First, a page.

By Khalil Abdullah

New America Media

Dec 06, 2009

Nine in ten young Latinos think that college education is important for success in life. But only half that number – about 48 percent — say they themselves plan to get a college degree. That’s according to the 2009 National Survey of Latinos released by the Pew Hispanic Center this year.

The “education gap,” as the study dubs it, portends dire long-term consequences both for Latinos and for the United States. Seventy-four percent of “Latino youth, ages 16 to 25, with a high school diploma or less, are not enrolled and have no plans to return to school.” The reason most of them cited for not continuing their education was “the need to support family.”

Putting family first is a strength in any community. But current financial pressures on today’s Latino youth could be forcing them to feel like they have to make difficult choices between their family and their future.

Degrees do matter. A 2007 survey by The College Board found those with a bachelor’s degree “earn over 60 percent more than those with a high school diploma.” The estimated difference between the degrees over a lifetime of work is $800,000.

Some argue that expanding and improving vocational curricula that lead to jobs in the “real world” may be a better use of the country’s energy than trying to raise the number of college graduates. But for many immigrant communities, the attainment of higher education is the gateway to a better future.

Educators and community leaders gathered recently in Washington, D.C., to discuss the crisis in education at a daylong symposium sponsored by the Education Writers Association, Pew Hispanic Center, and the National Panel on Latino Children and Schooling under the rubric of New Journalism on Latino Children.

Juan Sepulvada, executive director of the White House Initiative on Educational Excellence for Hispanic Americans, posed the question: “What is it going to take to create a college-going culture in our communities?” while fending off criticism that the Obama administration has yet to demonstrate a clear policy vision of how to accomplish that goal.

Two students who had enrolled in Youth Build Charter School in Washington, D.C., to pursue their GEDs after dropping out of high school were joined by students from Einstein High School in nearby Maryland, and one Einstein graduate now in college. Across the board, their pride in being Latino was evident, as were their aspirations to attend college, attitudes consistent with findings in the Pew data.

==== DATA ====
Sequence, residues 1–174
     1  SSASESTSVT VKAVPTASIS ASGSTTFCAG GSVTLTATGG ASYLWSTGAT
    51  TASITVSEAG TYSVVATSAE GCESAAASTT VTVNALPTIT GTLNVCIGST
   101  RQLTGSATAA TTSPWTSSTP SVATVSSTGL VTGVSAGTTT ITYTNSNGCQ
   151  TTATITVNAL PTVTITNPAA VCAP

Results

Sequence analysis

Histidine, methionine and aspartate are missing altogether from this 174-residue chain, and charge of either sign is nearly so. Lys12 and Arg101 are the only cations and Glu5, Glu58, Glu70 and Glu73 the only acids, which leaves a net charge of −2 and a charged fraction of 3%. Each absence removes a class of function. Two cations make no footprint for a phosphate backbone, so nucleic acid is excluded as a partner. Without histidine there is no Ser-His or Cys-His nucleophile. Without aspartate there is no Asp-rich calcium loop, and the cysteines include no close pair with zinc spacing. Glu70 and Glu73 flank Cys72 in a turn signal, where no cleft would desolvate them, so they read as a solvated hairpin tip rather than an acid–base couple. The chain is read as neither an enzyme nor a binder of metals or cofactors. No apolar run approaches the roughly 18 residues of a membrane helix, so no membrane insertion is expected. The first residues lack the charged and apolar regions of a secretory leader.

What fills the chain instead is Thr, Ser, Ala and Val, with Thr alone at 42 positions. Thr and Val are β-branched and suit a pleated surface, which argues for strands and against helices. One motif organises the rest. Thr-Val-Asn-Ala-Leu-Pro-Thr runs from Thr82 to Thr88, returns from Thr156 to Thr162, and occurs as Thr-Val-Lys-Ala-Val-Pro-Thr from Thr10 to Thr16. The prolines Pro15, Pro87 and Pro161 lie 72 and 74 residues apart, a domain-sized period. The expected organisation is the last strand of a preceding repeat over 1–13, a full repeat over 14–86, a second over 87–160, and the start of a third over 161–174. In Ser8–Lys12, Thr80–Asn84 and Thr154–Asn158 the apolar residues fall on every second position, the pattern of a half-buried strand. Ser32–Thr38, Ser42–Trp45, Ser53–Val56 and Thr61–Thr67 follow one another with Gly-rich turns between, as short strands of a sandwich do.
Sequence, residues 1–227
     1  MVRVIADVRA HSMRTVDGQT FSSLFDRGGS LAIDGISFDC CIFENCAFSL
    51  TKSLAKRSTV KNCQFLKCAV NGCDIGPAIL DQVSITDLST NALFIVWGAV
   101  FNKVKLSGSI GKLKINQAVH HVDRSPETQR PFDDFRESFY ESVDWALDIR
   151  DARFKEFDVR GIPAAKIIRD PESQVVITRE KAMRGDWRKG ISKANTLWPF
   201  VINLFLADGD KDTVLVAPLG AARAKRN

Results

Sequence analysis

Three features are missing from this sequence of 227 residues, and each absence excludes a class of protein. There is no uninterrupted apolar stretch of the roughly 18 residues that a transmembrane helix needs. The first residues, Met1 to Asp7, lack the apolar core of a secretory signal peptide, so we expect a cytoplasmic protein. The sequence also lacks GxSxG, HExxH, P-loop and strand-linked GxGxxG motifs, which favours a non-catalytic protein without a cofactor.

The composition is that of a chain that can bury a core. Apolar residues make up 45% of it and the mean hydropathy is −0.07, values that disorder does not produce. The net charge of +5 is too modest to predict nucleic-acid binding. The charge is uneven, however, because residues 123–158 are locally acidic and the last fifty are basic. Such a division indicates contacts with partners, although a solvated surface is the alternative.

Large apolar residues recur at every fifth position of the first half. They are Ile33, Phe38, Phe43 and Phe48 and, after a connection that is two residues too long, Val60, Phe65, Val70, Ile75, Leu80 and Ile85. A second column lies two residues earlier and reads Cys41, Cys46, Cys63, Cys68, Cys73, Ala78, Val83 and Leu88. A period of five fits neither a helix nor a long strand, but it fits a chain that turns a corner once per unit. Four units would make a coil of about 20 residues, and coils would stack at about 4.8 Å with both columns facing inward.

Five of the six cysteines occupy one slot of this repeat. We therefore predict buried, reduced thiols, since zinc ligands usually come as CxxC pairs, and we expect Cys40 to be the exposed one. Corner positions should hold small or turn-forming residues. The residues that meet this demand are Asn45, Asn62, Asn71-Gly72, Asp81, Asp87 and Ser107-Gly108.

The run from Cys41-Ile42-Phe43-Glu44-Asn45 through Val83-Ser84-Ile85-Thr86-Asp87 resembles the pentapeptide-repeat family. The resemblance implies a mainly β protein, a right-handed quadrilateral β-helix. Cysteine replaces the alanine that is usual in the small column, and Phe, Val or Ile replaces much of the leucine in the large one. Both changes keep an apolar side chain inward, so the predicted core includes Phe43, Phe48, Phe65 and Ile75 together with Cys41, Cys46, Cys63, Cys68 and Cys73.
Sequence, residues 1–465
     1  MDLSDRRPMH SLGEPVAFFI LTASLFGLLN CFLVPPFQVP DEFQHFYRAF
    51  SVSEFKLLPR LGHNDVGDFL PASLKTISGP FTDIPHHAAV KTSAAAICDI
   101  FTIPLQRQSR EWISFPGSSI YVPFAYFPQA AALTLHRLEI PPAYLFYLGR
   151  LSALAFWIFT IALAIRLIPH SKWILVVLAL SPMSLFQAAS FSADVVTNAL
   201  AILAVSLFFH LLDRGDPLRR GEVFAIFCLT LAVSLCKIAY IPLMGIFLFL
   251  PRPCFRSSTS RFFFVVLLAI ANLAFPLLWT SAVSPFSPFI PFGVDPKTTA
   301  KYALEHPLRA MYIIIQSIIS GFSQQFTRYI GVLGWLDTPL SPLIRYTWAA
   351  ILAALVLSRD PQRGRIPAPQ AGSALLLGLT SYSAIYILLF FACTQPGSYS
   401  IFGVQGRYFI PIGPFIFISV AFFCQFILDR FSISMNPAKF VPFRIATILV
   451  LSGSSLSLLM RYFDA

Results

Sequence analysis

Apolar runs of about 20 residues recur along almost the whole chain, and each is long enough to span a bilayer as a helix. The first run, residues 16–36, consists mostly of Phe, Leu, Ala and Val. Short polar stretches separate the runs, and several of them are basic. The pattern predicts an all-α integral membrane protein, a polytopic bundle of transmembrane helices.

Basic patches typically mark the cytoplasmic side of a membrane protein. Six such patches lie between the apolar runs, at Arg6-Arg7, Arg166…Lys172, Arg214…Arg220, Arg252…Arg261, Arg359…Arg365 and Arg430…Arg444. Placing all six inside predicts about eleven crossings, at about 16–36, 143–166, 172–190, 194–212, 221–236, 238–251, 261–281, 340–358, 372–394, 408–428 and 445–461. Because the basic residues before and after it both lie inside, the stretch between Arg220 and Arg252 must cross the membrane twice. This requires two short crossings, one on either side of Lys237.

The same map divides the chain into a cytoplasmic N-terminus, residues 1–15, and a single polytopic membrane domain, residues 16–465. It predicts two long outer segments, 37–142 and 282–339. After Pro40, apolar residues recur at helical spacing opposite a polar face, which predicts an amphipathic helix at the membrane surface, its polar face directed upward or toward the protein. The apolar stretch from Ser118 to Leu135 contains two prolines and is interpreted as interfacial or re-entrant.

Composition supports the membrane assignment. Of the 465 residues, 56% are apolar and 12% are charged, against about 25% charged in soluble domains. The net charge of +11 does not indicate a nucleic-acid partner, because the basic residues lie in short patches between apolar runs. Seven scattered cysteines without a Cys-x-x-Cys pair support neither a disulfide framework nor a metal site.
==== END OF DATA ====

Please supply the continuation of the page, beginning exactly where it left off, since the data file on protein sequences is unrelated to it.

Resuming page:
Einstein student Alicia Esconto, who has ambitions of pursuing a communications degree, said simply, “I am expected to go to college.”

She said her father is a plumber who would have preferred that she set her sights on becoming a doctor or lawyer. “I don’t want you to have to work as hard as I have to work,” she recounted him saying. But she said that many of her peers have told her that “they’d rather work full-time than study full-time.”

Marilyn Molina left high school in her senior year. At 21, she has three young children, but with assistance from Youth Build, a youth and community development program, she was able to identify daycare resources, thus enabling her to study for her GED. She said she was sometimes unfairly stereotyped by schoolmates at her former school because of her tattoos – “What gang are you in?” — and dismissed by educators there who said that Latinos were not going to amount to anything. Yet, regardless of her circumstances, she said, “My family has always expected me to do the best in whatever grade,” including college.

The Pew study did note a marked difference between foreign-born and U.S.-born Latinos. “Native-born Latinos ages 18 to 24 are more likely to say they are enrolled in school than foreign-born Latinos in the same age group – 40 percent versus 20 percent,” the report said.

The Pew survey showed other barriers contributing to the lag in Latino educational attainment. Respondents said parents of Hispanic students don’t play an active role; Hispanic students know less English; and too many teachers don’t know how to work with Hispanic students.

Symposium presenters, however, stressed that one must proceed with caution in evaluating the answers because the underlying dynamics with Latino families and cultures are often complex and nuanced. Parents may not play an active role because of their own inability to provide academic assistance if they are predominantly Spanish speakers. Also, they may be unfamiliar with a school’s institutional culture.

But for many Latinos, it is their feeling of duty toward family that could be holding them back. One student at Montgomery College, a two-year institution, who was working part-time, said her parents were anxious for her to finish her studies and join the work force. “When I asked, ‘What about me?’ my mom got really mad at me,” she said. Her mother told her, “Family first, and then yourself.”


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